Northeastern students learn Mills traditions

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In mid-January, the inaugural cohort of Northeastern students—14 in total—set foot on the Mills campus for the first time. While the emergence of the Omicron variant made in-person get-togethers difficult, these new arrivals still received a full welcome to the spring semester at Mills. 

Jillian Mosley ’18, director of orientation and family programs in the Division of Student Life, oversaw the onboarding process for these visitors from Boston, and will likely do the same for future program enrollees on the Mills campus. She sent this first cohort through the typical orientation schedule, with tours and introductions to campus services, but also included a session on what makes Mills Mills—from legendary ghost stories to the “Strong, Proud, All Mills” chant. As an alumna, she says she took the responsibility seriously. 

“I was really struck by how, almost instantaneously, the cohort felt connected to the campus and the feelings of protectiveness they expressed. They want Mills to remain as unique and green and intimate as those of us who’ve been connected to Mills for much longer do,” Mosley says. “I want them to get that little frisson of excitement I still have when I realize how Mills has influenced artists, writers, dancers, scientists, scholars, and activists from around the world.” 

What this first round of new students affirmed for Mosley was how people-centered her efforts needed to be: “If we want to send out new generations of ambassadors and cheerleaders for what Mills has to offer and who want to preserve the institution, then we need to be human with each other,” she adds. “How do we connect with our new students? How do we help them feel that coming to Mills was the right choice for them?”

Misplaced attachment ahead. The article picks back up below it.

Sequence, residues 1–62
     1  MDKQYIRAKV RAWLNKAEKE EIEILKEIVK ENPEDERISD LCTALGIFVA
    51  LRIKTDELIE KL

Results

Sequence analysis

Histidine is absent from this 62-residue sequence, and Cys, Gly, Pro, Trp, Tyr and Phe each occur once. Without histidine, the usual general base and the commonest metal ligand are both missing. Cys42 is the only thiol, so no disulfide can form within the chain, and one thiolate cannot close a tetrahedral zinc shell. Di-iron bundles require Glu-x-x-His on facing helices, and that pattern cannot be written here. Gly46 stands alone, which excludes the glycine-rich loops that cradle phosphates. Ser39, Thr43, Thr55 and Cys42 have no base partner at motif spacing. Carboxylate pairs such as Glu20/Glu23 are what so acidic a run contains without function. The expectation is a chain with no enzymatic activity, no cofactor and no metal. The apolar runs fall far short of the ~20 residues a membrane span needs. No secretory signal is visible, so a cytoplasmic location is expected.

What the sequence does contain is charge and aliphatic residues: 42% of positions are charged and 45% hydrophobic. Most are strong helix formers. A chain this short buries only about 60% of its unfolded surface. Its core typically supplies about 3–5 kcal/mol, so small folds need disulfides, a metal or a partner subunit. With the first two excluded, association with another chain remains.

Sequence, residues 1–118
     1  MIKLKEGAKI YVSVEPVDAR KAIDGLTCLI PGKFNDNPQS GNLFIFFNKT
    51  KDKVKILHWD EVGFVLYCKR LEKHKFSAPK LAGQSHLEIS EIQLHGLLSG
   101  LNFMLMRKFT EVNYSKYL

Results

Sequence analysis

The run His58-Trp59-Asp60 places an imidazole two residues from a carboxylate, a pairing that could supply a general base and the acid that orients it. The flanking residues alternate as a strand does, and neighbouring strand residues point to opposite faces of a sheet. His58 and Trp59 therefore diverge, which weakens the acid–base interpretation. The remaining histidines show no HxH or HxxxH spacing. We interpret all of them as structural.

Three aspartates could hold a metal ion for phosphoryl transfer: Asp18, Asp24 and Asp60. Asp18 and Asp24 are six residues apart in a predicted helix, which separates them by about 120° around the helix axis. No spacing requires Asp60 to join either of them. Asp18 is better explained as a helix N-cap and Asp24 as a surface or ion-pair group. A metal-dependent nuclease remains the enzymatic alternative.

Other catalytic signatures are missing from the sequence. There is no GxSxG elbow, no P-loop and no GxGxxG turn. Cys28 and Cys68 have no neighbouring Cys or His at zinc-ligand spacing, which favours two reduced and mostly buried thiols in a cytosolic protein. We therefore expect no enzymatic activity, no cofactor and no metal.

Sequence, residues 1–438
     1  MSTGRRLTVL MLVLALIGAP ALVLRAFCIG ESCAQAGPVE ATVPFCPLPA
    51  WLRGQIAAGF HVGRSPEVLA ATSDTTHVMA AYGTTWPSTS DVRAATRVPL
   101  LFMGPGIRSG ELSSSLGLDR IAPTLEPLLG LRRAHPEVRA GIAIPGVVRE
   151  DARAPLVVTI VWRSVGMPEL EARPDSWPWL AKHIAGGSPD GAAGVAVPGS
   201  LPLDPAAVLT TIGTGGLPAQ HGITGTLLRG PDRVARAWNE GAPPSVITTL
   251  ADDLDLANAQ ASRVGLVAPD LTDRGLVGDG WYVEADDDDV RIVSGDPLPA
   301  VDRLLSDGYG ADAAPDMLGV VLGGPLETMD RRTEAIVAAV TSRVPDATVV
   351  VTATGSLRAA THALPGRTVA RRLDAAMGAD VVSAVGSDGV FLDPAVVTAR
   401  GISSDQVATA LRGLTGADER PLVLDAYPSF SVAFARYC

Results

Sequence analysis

At press time, the participants in this spring’s Leading Social Change Program, which includes six Mills students, had just embarked on their first off-campus field trip to the Oakland Museum of California to experience its Afrofuturism exhibit. 

In addition to the 500 Northeastern students that are anticipated to come to the Mills campus this fall, there are other opportunities on the way for Millsies to interact with their Boston counterparts. For starters, Northeastern’s Burnes Family Center for Social Change and Impact–with its partner GovLab, a New York-based organization that specializes in collaboratively solving problems that affect the public sphere–has created the Oakland City Challenge project this spring in conjunction with Mills faculty members, giving Mills students the opportunity to participate. There are also several Mills students registered for Northeastern’s Dialogue of Civilizations program this summer, which will send them to locations such as Berlin and Tokyo to examine critical issues affecting the global community.